About Dangers in Colombia, Is Colombia Safe for Travel?
All the news and media buzz about war in Colombia have left you wondering if it is safe to visit? I might know where that’s coming from: The rise of Narcos, cocaine and Escobar as part of the pop culture haven’t helped much in the past few years. In this entry I will do my best to paint the whole story so that you can make up your mind and assess if it is worth the visit. But before diving into it, I will give you five good hard facts why, contrary to many people beliefs, Colombia is safe for travel:
A recent peace agreement saw 7,000 thousand guerrilla fighters leaving 9,000 rifles to be melted and used to create sculptures. The former fighters are now transitioning to a civilian life.
In 2002, the fatal victims of the war (civilians and fighters from both sides) accounted for roughly 20,000 people. In 2017, the number was 78.
Foreign investment has grown 13 times in the last 25 years.
Record number of tourists have been registered year after year, with 6.5 Million people visiting in 2017, which represents an increase of 28%, when the world’s average is 7%.
The last presidential elections did not have any violent incident for the first time in decades, and the country broke a record on the number of citizens participating.
Now, since we ourselves think a broader explanation is needed, the following text will guide you through a contextualized explanation of the country’s current situation. First, a brief history on why you ended up thinking this beautiful country was dangerous; second, some clarifications about myths you may have heard; and finally, more good reasons to come visit: you have already read the hard facts, but we will show you what the international travel press is saying about the country.
Yes, come visit. I am a Colombian currently living in Bogotá but I have lived in Sweden and traveled extensively across europe and the US. And that matters because I am both knowledgeable about my country’s situation, and aware of your standards for ‘safe’ and can compare the two.
So,coming back to it: is it dangerous? That’s a tricky question with many answers. The shortest: No, come visit. The better: No, but it still is a latin american country. With the same risks as some places in Europe and Asia, meaning tourists can rest assured that their stay will be perfectly safe, albeit some minor considerations should be taken in big cities, like don’t walk a dark alley at 3am in the morning, and beware of pickpockets in crowded places.
Over the years, that is how the conversation has gone with my friends abroad. But, as you can imagine, it rarely ends there. You know what follows: “Why is it that I’ve heard so many bad things about the country?”. And this is where I give a brief background on how it all came to happen.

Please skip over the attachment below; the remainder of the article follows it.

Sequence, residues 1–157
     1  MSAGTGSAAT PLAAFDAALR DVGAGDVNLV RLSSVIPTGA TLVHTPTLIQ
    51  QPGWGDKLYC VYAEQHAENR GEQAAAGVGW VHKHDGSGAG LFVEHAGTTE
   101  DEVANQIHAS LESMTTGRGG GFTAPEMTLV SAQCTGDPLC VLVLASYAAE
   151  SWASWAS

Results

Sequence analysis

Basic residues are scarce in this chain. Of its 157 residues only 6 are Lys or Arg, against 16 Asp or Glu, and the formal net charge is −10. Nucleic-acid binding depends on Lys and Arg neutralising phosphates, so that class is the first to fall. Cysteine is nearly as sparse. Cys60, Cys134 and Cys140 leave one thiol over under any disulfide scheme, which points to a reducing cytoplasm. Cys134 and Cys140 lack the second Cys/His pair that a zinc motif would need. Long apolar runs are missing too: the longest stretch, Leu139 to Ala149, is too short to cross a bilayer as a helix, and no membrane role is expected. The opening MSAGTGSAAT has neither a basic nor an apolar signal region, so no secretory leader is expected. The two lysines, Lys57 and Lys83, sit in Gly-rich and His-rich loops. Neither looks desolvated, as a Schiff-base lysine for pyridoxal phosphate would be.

Brief history of the conflict
First: it is all true. Maybe not every bit (check the myth clarification ahead), but for the most part, if it came from a major media outlet, it is. “Huh? How can I conciliate the fact that the horrors are true, but it is safe at the same time?”. Well, it would be easier if we said the horrors were true. It is said that ever since this piece of land was declared ‘Colombia’, we’ve been at war. From the separation of Ecuador and Venezuela, instability, confrontations between centralists and federalists, killings coming from the two biggest political parties… the list goes on. Fast forward to our recent history, there was a worldwide focus on guerrillas and drug traffickers.
In the beginning, the two were very different. To start off, guerrillas were already around when the drug business flourished in the early 80s. Those were formed in the 60s by communist ‘peasant leagues’ that felt abandoned by the government. “Colombia’s geography is a blessing to the eye, but a logistical nightmare” says a British journalist about the three massive chain of mountains crossing the country. And thus, the untidy central government couldn’t provide for their citizens living in remote locations. Jump 20 years ahead and a few criminal entrepreneurs operating in the opposite side of the political spectrum (right-wing, avid for money), thought that they would rather grow and transform coca leaves into cocaine than transporting the raw product from Perú and Bolivia and the infamous cartels were born. The merge between the two came when the latter realized leftists guerrillas were armed, trained, had men, and needed money; whereas cartels were unprepared but had crazy amounts of money. So leftist guerrillas started serving as security and logistics for the cartels in exchange of vasts amount of money.